Eat your Way to Healthy Eyes
Healthy eyes starts with the food you put on your plate. Your mother was right when she encouraged you to eat your carrots! And even if you’re still not a fan of carrots or you can’t get your own children to eat them, the good news is there are other healthy options to incorporate into your diet to promote healthy eyes.
Why are healthy eyes important? Because good eyesight is one of the most important things you can do to help maintain your quality of life.
Tips on Maintaining Good Eyesight
Foods that contain the following nutrients can help reduce your risk of developing age-related macular degeneration (AMD):
- Vitamin C (papayas, red bell peppers, kiwi, strawberries and oranges)
- Antioxidants such as lutein, zeaxanthin, and beta carotene (carrots, sweet potatoes, squash, spinach, kale and broccoli)
- Vitamin E (nuts, fortified cereals)
- Zinc (cheese, yogurt, beans, nuts, seeds)
Incorporating these foods into your daily diet is quite easy because of their variety, texture and taste. The Canadian Association of Optometrists offers some simple recipes that put a healthy spin on snack time and provide your eyes with the nutrients they need.
While these general food recommendations can apply to everyone, it’s best to consult with your optometry team at our eye clinic or your family doctor before making any nutritional changes to your diet or before you start taking any new supplements.
What is AMD?
AMD is a condition that causes the centre of your vision to blur while the side or peripheral vision reminds unaffected. The blurring is the result of damage to the macula, the central most part of the retina, the inner layer of the back of the eye responsible for detailed central vision. The macula is used for reading, driving, and recognizing faces. AMD is the leading cause of blindness in North American adults over the age of 55.
Protecting your eyes from UV rays and following a good nutrition plan play a key role in preventing AMD. Regular eye examinations at our eye clinic by our optometry staff are also important in the early detection of AMD.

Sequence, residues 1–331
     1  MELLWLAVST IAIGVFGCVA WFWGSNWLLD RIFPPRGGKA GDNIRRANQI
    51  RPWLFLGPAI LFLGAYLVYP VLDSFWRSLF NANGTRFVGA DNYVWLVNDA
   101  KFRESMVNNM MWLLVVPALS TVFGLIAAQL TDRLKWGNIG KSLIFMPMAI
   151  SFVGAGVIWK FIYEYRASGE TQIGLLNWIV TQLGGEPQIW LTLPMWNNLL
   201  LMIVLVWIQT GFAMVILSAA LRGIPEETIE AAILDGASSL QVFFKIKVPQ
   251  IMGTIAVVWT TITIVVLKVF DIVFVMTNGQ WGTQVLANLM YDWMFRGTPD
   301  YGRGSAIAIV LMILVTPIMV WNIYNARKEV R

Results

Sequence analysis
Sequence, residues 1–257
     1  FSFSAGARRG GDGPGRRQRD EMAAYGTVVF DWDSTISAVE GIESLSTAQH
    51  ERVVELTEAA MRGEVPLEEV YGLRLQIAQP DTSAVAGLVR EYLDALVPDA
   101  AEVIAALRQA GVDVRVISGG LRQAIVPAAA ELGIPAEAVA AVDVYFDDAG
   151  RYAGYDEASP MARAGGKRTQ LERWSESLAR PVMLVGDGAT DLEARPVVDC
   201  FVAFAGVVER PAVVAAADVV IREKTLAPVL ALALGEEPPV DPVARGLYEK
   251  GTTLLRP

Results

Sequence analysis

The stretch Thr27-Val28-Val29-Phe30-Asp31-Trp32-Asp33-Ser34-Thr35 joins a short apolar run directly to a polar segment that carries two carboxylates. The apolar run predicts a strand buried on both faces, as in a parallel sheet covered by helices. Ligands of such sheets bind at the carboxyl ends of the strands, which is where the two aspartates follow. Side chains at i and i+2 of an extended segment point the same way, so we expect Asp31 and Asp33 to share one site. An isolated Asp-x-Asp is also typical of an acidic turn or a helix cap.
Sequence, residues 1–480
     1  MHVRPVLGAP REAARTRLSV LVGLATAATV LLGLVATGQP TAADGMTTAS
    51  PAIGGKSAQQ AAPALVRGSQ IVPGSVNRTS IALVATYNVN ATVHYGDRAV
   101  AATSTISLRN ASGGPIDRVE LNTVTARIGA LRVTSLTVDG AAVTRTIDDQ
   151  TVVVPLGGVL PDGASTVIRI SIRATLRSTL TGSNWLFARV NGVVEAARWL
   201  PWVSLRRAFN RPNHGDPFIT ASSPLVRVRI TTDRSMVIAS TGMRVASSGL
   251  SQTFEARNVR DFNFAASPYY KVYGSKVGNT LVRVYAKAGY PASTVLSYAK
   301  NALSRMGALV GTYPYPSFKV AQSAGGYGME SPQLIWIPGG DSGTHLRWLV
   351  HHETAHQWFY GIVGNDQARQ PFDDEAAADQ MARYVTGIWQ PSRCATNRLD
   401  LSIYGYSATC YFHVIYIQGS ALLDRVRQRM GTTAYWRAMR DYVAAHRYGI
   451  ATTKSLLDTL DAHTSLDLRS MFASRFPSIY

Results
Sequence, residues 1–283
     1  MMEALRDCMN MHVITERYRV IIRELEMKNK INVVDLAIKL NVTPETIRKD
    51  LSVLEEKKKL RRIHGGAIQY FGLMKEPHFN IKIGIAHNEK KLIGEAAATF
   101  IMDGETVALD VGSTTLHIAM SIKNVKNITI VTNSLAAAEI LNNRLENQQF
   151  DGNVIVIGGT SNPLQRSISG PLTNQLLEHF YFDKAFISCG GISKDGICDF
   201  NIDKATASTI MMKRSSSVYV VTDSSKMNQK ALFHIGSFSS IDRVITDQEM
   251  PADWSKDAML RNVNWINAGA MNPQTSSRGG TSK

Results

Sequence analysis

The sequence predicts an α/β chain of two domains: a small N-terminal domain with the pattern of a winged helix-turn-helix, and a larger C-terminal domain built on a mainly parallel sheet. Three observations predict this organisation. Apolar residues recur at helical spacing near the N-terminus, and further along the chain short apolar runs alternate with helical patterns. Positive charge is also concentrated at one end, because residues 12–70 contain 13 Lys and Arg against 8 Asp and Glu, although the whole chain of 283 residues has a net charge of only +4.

Your optometrist may notice early signs of AMD during the eye examination even if you’re not experiencing any symptoms.
Your Eyes Uncover the Truth
Although eating nutritious meals and snacks is one of the most important things you can do for your overall health, sometimes it’s not enough. You need to consider lifestyle, genetics, and environmental factors that may make you more susceptible to certain diseases.
There are many health conditions that can be detected early by your optometrist during your routine eye examination at our eye clinic well before you start to show any signs of disease. An eye examination may save your life. Your eyes are truly a window into the rest of your body!
If a problem is detected during your eye examination, your eye doctor or optometrist will work with your family physician and other health care specialists in treating the systemic disease. Treatment varies, depending on the condition, and can range from drugs for inflammatory diseases, laser therapy or surgery.
Various systemic diseases affect the eyes differently. It’s important to have regular eye examinations at our eye clinic if you or a family member is affected by one of the following, among others:
- Graves’ disease (thyroid disorder)
- Hypertension (high blood pressure)
- Systemic lupus erythematosus
- Rheumatoid Arthritis
- Multiple sclerosis
Your Optometrist: A Trusted Health Advisor
Our optometry team at our vision centre plays an important and ongoing role in ensuring the health of you and your family.
We provide primary eye care by addressing both eye health and vision concerns and identify health conditions that are detected through eye examinations.
At Glen Abbey Vision Centre, we provide you and your family with the highest quality of vision care, including: examination, diagnosis, treatment, management and prevention of disease and disorders affecting the visual system, the eye and related structures.
Our team also provides vision correction through glasses or contact lenses.